1. Platanus, that so beautiful and precious tree, anciently sacred to ‘ Helena, (and with which she crown’d the Lar, and Genius of the place) was so doated on by Xerxes, that AElian and other authors tell us, he made halt, and stopp’d his prodigious army of seventeen hundred thousand soldiers, which even cover’d the sea, exhausted rivers, and thrust mount Athos from the Continent, to admire the pulcritude and procerity of one of these goodly trees ; and became so fond of it, that spoiling both himself, his concubines, and great persons of all their jewels, he cover’d it with gold, gems, neck-laces, scarfs and bracelets, and infinite riches : In sum, was so enamour’d of it, that for some days, neither the concernment of his Grand Expedition, nor interest of honour, nor the necessary motion of his portentous army, could perswade him from it : He styl’d it his mistress, his minion, his Goddess ; and when he was forc’d to part from it, he caus’d the figure of it to be stamp’d in a medal of gold, which he continually wore about him. Where-ever they built their sumptuous and magnificent colleges for the exercise of youth in gymnastics, as riding, shooting, wrestling, running, &c. (like to our French Academies) and where the graver philosophers also met to converse together, and improve their studies, betwixt the Xista, and subdiales ambulationes (which were portico’s open to the air) they planted groves and walks of platans, to refresh and shade the Palaestritae ; as you have them describ’d by Vitruvius, lib. 5. cap. 11. and as Claudius Perrault has assisted the text, with a figure, or ichnographical plot. These trees’ the Romans first brought out of the Levant, and cultivated with so much industry and cost, for their stately and proud heads only, that great orators and states-men, Cicero and Hortensius, would exchange now and then a turn at the bar, that they might have the pleasure to step to their villas, and refresh their platans, which they would often irrigate with wine instead of water ; crevit & affuso laetior umbra mero : when Hortensius taught trees to tipple wine ; and so priz’d the very shadow of it, that when afterwards they transplanted them into France, they exacted a 2 solarium and tribute of any of the natives, who should presume but to put his head under it. But whether for any virtue extraordinary in the shade, or other propitious influence issuing from them, a worthy Knight, who stay’d at Ispahan in Persia, when that famous city was infected with a raging pestilence, told me, that since they have planted a greater number of these noble trees about it, the plague has not come nigh their dwellings. Pliny affirms, there is no tree whatsoever which so well defends us from the heat of the sun in Summer, nor that admits it more kindly in Winter. And for our encouragement, I do upon experience assure you, that they will flourish and abide with us, without any more trouble than frequent and plentiful watering, which from their youth they excessively delight in, and gratefully acknowledge by their growth accordingly ; so as I am perswaded, that with very ordinary industry, they might be propagated to the incredible ornament of the walks and avenues to great-mens houses. The introduction of this true plane among us, is, perhaps due to the great Lord Chancellor Bacon, who planted those (still flourishing ones) at Verulam ; as to mine, to that honourable gentleman, the late Sir George Crook of Oxfordshire, from whose bounty I received an hopeful plant now growing in my villa : Nor methinks should it be so great a rarity, (if it be true) that being brought from Sicily, it was planted as near us as the Morini.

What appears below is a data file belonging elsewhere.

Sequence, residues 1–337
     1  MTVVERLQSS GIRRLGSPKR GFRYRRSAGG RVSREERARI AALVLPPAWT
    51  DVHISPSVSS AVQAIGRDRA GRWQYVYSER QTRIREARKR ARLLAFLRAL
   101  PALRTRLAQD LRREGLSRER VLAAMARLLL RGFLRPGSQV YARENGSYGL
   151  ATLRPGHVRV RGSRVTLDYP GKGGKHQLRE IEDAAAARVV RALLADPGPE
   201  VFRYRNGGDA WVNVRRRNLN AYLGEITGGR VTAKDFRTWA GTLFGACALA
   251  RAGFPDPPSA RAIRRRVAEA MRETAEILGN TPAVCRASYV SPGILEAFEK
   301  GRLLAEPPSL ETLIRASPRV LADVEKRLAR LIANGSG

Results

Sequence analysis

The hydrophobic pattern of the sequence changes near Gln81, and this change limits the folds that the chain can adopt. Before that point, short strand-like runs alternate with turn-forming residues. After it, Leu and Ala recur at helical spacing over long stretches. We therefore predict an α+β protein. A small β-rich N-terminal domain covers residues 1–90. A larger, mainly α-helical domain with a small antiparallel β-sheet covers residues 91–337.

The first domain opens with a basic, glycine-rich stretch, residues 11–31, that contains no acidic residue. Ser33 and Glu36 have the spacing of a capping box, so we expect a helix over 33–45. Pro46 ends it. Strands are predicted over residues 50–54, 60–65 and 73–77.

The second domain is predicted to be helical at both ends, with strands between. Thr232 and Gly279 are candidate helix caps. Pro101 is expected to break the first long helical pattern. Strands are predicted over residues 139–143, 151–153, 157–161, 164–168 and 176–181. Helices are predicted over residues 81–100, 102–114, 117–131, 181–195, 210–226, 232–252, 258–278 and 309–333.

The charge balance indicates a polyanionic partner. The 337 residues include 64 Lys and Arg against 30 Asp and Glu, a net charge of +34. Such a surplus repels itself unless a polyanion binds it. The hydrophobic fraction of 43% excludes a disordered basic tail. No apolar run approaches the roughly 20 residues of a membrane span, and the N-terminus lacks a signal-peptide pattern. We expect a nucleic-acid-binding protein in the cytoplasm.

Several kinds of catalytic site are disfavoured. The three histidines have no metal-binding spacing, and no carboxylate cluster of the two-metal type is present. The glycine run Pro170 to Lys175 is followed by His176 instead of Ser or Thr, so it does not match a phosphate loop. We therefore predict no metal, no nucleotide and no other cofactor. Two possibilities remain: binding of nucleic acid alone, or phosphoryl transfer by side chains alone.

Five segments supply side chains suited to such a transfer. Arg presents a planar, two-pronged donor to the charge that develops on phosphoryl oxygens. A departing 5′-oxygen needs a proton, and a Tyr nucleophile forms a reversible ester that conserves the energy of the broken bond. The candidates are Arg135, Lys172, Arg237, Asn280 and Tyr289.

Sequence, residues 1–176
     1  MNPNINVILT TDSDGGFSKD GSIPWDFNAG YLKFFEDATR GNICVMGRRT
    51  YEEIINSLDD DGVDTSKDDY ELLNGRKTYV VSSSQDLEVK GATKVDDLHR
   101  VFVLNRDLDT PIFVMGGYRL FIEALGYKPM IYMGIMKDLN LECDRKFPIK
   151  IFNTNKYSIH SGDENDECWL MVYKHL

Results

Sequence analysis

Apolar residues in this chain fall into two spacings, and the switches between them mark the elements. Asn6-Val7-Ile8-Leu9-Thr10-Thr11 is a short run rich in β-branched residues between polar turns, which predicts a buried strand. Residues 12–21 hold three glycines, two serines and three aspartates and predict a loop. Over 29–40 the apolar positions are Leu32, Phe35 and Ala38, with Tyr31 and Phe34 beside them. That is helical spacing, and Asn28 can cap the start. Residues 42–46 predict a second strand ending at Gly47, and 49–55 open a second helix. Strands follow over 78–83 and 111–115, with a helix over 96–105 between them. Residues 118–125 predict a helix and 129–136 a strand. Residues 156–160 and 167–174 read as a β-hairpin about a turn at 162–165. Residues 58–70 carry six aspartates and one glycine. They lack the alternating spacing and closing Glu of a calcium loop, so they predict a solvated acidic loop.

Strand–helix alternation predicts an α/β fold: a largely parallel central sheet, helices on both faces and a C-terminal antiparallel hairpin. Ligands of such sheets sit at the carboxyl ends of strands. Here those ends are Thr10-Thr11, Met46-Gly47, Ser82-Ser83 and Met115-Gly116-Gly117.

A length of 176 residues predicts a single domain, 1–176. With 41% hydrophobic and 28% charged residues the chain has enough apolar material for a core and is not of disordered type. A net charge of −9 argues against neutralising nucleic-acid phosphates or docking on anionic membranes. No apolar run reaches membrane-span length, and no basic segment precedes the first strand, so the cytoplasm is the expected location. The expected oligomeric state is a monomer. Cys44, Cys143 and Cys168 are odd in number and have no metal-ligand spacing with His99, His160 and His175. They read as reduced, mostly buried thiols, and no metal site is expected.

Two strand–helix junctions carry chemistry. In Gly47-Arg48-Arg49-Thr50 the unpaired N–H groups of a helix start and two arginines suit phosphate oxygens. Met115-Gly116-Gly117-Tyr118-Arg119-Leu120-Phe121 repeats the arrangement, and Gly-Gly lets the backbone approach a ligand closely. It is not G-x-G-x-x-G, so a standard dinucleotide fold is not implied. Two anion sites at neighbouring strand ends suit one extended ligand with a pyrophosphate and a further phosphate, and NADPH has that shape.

3. There was lately at Basil in Switzerland, an ancient goodly Platanetum, and now in France they are come again in vogue : I know it was anciently accounted ‘tKannroç ; but they may with us be rais’d of their seeds with care, in a moist soil, as here I have known them. But the reason of our little success, is, that we very rarely have them sent us ripe ; which should be gather’d late in Autumn, and brought us from some more Levantine parts than Italy. They come also of layers abundantly, affecting a fresh and feeding ground ; for so they plant them about their rivulets and fountains. The West-Indian plane is not altogether so rare, but it rises to a goodly tree, and bears a very ample and less jagged Ieaf : That the Turks use their platanus for the building of ships, I learn out of Ricciolus Hydrog. 1. to. c. 37. and out of Pliny, canoos and vessels for the sea have been excavated out of their prodigious trunks.
4. The same opinion have I of the noble lotus arbor, (another lover of the water) which in Italy yields both an admirable shade, and timber immortal, growing to a vast tree, where they come spontaneously ; but its fruit seems not so tempting as it is storied it was to the companions of Ulysses : The first who brought the lotus out of Virginia, was the late industrious Tradescant. Of this wood are made pipes, and wind-instruments, and of its root, hafts for knives and other tools, &c. The offer of Crassus to Domitius for half a dozen of these trees, growing about an house of his in Rome, testifies in what esteem they were had for their incomparable beauty and use.